Kazimierz (Casimir) Pulaski (1748 n 1779): Polish. Soldier. An aristocrat and patriot, Pulaski left Poland after participating in a failed uprising protesting the increasing dominance of foreign powers in Polish affairs. He then offered his services to the American Revolution. He fought in a number of engagements before being mortally wounded at the siege of Savannah, Georgia.
Eid al-Adha (The Feast of Sacrifice): Islam. *This religious observance commemorates the story of Abraham and Ishmail as told in the Qurian. God commanded Abraham to sacrifice his only son as a proof of his faith. Before Abraham completed the sacrifice, God stopped him and provided a ram for sacrifice in place of Ishmail. After a solemn service at the mosque, worshippers visit cemeteries to pay tribute to the dead. When they return home, a festive meal is eaten. This is also the time when many Muslims observe one of the five Pillars of Islam, which requires those who can to make a pilgrimage once in their lifetime to Meccais Grand Mosque in Saudi Arabia, Islamis holiest site. *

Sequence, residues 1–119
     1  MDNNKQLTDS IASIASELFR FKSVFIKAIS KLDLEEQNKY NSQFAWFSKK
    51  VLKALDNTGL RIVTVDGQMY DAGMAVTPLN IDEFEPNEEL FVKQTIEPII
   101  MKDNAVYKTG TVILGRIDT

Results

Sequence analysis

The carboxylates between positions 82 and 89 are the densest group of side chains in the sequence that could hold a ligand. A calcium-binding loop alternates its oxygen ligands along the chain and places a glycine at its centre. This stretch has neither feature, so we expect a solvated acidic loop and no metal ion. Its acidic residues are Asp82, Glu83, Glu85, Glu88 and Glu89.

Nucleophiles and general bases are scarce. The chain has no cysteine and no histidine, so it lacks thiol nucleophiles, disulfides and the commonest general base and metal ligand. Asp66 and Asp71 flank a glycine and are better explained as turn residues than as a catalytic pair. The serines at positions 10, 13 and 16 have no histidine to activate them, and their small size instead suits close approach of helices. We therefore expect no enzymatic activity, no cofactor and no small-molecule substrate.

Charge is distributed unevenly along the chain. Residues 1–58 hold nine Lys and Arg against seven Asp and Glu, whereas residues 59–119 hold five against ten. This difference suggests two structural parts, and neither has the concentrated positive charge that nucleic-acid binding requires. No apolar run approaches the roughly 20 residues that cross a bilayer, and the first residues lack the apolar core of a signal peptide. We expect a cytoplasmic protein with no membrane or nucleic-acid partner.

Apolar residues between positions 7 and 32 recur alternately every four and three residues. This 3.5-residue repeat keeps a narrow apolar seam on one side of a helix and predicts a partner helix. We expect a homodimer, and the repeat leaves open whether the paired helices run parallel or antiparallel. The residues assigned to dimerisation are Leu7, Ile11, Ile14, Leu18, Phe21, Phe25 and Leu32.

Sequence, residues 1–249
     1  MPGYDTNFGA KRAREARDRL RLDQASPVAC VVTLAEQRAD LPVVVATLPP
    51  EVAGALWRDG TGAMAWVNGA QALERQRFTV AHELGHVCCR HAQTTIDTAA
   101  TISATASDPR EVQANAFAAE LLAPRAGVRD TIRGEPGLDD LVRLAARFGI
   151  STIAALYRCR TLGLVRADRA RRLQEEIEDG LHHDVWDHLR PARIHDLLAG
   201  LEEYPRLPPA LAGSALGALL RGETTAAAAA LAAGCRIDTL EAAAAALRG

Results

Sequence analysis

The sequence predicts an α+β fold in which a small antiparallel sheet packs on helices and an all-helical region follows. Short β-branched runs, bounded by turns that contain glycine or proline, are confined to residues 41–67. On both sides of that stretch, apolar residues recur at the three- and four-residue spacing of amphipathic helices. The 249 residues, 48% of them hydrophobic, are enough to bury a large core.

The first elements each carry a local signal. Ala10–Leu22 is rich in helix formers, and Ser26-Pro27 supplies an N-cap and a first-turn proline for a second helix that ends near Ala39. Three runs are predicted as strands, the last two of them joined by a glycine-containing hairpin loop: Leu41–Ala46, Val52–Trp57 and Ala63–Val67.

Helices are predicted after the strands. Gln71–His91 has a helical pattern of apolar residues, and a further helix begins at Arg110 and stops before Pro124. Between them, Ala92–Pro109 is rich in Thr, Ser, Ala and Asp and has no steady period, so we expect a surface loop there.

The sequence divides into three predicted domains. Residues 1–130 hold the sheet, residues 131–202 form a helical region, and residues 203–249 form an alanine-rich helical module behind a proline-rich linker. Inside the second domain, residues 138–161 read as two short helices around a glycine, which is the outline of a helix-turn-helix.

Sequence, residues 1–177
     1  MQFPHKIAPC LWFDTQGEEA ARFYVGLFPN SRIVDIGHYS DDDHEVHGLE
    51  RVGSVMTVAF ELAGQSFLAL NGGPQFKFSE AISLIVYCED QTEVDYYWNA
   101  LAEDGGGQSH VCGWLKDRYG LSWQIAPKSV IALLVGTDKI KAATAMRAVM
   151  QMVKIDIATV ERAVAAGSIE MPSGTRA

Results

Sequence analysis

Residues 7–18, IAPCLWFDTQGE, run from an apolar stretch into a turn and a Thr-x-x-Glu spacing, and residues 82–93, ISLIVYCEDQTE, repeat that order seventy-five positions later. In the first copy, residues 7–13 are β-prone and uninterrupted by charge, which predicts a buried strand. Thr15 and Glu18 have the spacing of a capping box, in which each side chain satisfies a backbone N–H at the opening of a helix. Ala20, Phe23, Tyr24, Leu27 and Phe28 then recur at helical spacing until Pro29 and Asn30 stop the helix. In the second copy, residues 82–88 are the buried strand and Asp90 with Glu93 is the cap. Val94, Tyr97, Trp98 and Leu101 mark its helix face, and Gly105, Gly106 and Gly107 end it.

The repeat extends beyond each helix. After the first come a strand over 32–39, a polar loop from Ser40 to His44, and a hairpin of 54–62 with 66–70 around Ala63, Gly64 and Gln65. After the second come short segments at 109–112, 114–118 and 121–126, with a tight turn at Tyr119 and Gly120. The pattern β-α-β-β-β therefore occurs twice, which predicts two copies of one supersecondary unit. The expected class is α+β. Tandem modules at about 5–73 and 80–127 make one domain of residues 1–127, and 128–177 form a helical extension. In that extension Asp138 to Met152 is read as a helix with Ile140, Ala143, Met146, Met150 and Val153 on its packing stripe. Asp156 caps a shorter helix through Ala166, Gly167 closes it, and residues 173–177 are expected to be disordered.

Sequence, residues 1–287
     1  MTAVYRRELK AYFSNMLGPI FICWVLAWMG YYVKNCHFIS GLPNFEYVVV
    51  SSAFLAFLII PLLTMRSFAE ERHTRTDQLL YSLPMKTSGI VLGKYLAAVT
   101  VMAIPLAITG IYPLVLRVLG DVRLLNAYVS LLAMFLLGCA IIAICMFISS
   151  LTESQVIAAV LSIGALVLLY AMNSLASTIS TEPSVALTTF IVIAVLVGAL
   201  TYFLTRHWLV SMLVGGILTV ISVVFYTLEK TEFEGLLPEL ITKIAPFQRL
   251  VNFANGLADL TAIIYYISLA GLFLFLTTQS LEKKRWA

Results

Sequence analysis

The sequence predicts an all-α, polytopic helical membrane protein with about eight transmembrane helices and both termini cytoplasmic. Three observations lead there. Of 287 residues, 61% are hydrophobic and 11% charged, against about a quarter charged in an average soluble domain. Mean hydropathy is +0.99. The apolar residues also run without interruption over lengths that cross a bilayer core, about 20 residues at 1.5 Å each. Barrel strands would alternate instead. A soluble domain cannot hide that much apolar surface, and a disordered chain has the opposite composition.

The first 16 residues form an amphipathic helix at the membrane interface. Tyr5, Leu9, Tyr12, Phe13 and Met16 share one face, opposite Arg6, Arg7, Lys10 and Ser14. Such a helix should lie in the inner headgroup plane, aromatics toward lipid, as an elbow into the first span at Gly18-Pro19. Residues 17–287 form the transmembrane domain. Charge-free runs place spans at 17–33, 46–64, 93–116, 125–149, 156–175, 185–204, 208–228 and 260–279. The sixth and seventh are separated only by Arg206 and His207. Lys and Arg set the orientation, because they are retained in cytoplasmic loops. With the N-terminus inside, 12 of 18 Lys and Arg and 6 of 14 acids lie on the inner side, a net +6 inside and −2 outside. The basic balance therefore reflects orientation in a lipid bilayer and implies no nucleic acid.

Independence Day: Ghana. On this date in 1957, the British territories of the Gold Coast and Togoland became the independent nation of Ghana.
Holi: Hindu. This two-day holiday celebrates the coming of spring throughout India. Large *bonfires are lit, and coconuts and other foods are thrown into the fire. Games and folk dancing take place as well as the throwing of colored powder and water on friends. *
International Womenis Day. The movement to create an International Womenis Day began as part of the socialist movement for greater womenis rights, particularly the right to vote. first designated as the last Sunday in February by the Conference of Socialist Women in Copenhagen, Denmark, in l910, it was later changed to be uniformly celebrated on March 8 to honor womenis role in the Russian Revolution. With the resurgence of feminism in the late 1960s, International Womenis Day gained renewed interest as a day to celebrate womenis lives and work.